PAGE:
1 vote mysterymax | Dec 4, 2023 |
While there were a lot of points that I disagreed with, for the most part there were lots of insights that I will try taking with me. There were a couple funny letters, I liked letter 88 when he was just clowning Liberal Arts lol. A couple of my other favorites were 90, 65, and 78. The introduction was also very interesting it’s funny how he preached all these stoic values but didn’t practice it. He definitely led a really crazy life with lots of ups and downs. It is interesting to see how people wrote to each other back then, and how his writing changed over time. It is interesting how much he quoted Epicurious in his earlier letters and how he changed it views to be that one should not just spout quotes. ( )
  Radar12378 | Nov 30, 2023 |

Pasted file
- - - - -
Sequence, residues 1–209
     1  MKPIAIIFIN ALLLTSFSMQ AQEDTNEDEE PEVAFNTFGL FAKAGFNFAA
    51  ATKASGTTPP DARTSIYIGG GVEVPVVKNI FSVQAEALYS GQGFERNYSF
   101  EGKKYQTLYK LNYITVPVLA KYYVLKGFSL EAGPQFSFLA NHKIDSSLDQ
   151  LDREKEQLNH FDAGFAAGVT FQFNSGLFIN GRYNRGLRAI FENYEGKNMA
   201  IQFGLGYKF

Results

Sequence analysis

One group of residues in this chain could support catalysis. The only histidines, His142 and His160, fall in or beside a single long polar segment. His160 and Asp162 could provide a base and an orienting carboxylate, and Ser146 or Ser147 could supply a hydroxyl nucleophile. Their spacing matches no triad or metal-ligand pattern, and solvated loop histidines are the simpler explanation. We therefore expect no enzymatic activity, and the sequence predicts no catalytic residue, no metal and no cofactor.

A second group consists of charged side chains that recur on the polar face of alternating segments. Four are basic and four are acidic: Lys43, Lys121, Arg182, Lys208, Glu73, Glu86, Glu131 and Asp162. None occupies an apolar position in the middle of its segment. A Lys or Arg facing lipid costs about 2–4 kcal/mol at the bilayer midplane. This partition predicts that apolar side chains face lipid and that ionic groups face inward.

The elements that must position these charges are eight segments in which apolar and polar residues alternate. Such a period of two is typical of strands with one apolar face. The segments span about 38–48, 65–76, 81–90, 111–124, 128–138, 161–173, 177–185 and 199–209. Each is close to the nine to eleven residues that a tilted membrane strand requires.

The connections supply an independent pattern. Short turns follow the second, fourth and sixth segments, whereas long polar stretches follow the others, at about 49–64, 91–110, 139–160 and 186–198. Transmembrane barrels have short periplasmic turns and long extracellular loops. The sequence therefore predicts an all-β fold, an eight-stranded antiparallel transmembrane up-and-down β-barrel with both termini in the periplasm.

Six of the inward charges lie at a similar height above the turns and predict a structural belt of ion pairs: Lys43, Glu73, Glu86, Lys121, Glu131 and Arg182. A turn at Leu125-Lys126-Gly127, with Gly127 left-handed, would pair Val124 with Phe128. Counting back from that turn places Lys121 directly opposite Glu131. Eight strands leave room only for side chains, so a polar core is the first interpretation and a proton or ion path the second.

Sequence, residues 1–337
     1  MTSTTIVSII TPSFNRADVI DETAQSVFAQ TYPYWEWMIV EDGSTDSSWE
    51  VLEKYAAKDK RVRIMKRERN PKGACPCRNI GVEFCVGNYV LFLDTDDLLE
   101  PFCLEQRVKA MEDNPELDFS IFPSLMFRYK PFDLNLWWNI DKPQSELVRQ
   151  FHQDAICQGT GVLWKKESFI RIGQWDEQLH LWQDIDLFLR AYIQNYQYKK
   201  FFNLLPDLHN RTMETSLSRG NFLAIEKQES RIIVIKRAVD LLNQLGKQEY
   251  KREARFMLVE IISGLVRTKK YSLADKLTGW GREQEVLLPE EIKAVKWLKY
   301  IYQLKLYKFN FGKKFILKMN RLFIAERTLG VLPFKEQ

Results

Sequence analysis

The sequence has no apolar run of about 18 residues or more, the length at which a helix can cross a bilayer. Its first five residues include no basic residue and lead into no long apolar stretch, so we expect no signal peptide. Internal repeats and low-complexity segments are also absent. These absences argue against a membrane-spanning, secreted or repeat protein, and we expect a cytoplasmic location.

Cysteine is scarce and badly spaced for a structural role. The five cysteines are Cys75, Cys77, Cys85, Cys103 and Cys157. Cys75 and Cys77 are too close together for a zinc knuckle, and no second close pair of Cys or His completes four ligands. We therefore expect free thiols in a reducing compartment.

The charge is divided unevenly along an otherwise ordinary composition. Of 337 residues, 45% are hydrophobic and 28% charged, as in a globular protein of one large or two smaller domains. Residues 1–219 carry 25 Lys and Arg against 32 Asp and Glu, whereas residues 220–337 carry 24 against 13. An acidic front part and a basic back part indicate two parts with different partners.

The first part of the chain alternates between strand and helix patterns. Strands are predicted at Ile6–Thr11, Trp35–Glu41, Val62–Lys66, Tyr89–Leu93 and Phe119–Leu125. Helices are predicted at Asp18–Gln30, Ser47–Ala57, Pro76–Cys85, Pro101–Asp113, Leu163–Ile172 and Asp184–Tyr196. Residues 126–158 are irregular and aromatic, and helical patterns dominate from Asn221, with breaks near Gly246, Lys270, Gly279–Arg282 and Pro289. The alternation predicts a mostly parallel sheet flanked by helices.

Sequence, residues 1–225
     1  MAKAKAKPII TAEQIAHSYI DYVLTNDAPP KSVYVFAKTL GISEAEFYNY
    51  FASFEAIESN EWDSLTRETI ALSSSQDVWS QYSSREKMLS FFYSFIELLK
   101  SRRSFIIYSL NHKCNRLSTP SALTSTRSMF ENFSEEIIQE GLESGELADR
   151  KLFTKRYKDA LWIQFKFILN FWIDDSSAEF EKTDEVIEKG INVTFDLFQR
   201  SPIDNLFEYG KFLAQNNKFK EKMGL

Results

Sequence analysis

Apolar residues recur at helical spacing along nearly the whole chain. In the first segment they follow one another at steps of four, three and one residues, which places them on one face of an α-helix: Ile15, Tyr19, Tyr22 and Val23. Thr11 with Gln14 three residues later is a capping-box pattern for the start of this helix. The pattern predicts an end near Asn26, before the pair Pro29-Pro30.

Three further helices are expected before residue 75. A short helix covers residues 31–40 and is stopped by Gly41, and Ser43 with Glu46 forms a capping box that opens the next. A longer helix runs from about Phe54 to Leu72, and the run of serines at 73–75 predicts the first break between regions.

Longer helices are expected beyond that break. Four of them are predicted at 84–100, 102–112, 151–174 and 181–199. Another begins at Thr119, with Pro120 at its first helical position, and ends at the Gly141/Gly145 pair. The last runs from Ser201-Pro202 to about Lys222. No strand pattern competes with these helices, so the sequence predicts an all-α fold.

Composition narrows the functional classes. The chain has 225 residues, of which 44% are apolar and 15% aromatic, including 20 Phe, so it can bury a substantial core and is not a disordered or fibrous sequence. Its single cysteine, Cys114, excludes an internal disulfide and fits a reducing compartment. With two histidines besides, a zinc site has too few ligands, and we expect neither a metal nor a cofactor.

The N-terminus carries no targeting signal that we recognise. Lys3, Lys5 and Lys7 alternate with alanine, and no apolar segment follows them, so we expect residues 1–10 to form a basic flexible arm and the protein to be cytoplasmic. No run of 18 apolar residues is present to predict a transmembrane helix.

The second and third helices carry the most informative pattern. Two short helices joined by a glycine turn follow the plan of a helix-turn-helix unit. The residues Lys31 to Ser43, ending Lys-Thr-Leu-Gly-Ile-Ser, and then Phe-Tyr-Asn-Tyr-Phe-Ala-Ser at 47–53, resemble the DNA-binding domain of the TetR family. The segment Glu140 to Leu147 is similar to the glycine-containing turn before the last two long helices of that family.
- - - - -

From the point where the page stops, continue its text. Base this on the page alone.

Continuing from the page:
This is my first foray into Greek philosophy as an adult. Bits of Stoic philosophy seem absorbed into modern culture, so few of the adages and admonitions are "brand new" to me. The human faults he addresses at length, mostly to do with excess and lack of self control, are as relevant today as they were two thousand years ago. Buckle up, Seneca has strong opinions on just about every facet of the human experience.

Much of the first few letters discusses becoming happy with oneself, to the point of needing nothing else, riches or home or possessions or companionship. This is more or less tempered by the contention that you should want friends and family, and riches only in proportion as is needed to service those people and the public good, but that you should be equally comfortable with none of it.

Probably the single most relatable anecdote is Seneca's complaint that people prepared for Saturnalia earlier each year such that December "used to be a month but is now a year". Halloween, Christmas, anyone?